No alert, texted to the sleeping parents, so they could burst through the kitchen door and tell the old elf what they thought of his thieving ways.

No. The adults upstairs had agreed to a light sedative. Nothing to knock you out so badly you couldn’t escape in case of fire, just a little something to take the edge off. Ease the restless worry. Blunt the firing synapses so the brain lets go its grip, allowing dreams to come.

Better dreams than mine, I hoped.

“Where is that damn elf?” Jørgen muttered. I shifted on the balls of my feet and stretched my neck, but didn’t reply.

Jørgen wasn’t used to waiting. I was. Usually I worked alone, but after years of reconnaissance and smaller jobs, I decided some back up might be in order.

I was going for the big fish this time.

Another hour passed, the clock on the fireplace mantel tick-tocking the time away.

“You sure about this?” Jørgen asked.

I stifled a groan, gripping the jute bag in my hands. It wouldn’t be big enough to fit the elf, but would at least fit over his head and that snowy white beard, confusing him long enough for Jørgen to tie him up.

At least that had been the plan.

“Jørgen!” I hissed. “Don’t make me regret letting you come along.”

“It’s just…”



“Go back to sleep,” I whispered, hoping my voice would carry up the stairs but not wake the parents.

But here came the pitter patter of little feet creeping slowly down the stairs. That distinctive slapping sound of footie pajamas. I could imagine the tiny, grubby fingers, clutching the wooden stair rail and the milk sweet breath of a child, and all his innocent glory, heading towards danger.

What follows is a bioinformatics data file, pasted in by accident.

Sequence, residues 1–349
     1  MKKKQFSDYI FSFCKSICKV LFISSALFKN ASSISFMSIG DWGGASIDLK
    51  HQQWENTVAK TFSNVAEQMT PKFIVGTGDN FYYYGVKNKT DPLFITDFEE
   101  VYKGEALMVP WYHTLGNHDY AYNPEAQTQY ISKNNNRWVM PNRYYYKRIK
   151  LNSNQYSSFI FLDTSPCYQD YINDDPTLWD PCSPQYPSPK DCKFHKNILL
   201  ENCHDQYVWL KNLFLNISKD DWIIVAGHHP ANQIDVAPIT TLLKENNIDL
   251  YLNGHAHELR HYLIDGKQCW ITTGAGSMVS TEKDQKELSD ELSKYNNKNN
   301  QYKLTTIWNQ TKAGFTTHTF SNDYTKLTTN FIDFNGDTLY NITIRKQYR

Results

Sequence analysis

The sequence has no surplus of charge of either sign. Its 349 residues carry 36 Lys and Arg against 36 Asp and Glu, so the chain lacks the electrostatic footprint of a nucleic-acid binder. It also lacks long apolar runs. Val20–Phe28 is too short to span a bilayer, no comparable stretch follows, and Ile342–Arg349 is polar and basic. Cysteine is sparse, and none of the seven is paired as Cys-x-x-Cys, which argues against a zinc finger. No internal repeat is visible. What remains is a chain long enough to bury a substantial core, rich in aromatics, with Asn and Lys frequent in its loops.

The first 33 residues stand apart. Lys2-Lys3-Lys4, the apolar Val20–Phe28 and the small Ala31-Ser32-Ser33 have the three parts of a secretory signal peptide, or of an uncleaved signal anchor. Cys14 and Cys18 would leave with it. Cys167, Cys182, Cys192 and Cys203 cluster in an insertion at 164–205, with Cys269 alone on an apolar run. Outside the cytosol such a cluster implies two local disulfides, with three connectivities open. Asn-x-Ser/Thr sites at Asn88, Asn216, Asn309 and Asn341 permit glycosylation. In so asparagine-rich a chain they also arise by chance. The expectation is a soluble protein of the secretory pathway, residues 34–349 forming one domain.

“What do we do?” Jørgen asked.

“Daddy? What’s happening? Is Santa here?”

“Santa’s not here, Timmy. Go back to sleep. You know what we told you. If you don’t go back to sleep, Santa might not come.”

I heard this footsteps pause on the stairs.

“Daddy?” The voice sounded less certain. Slightly afraid. “Why does your voice sound weird?”

“Just tired, son. Go back to bed.”

Please go back to bed. Sleep your innocent sleep. Stay away from the dark magic that roamed the night.

Jørgen and I both stood stock still, hidden in the shadows, just outside the arc of blinking tree lights. I hoped against hope that little Timmy would give up and go back to bed.

Slap. Slap. Slap. Nope. One stair step at a time, those footie pajamas still headed our way.

And then the shimmering began.

“What’s happening, Joe?” Now Jørgen was the one who sounded scared.

“Get ready,” I said. Jørgen grunted, and I heard the rustling that meant he was preparing the ropes.

“Timmy?” I called out. voice sharp. “Stay there. It’s dangerous.”

Our cover was already blown. May as well keep the kid safe if I could.

The plate of cookies and the glass of milk shimmered in the light of the Yule tree. Meanwhile, the glow in front of the fireplace increased, growing stronger and stronger. The air smelled like those over-saturated cinnamon brooms that stores sold come autumn time. The scent always made me gag.

I swallowed hard against my rising gorge and braced my feet against the wood floor.

“You got the rope?” I asked.

“Ready,” Jørgen said. “But are you sure about this?”


I heard little Timmy creeping down the stairs. Closer and closer.

“Timmy! Stay there!”

The light blazed like a star going nova and, standing in front of me—“Ho! Ho! Ho!”—was the evil elf himself. Blood red suit. Snowy beard. Skinny, lanky, frame. Long, bony, fingers ready to snatch children from their beds.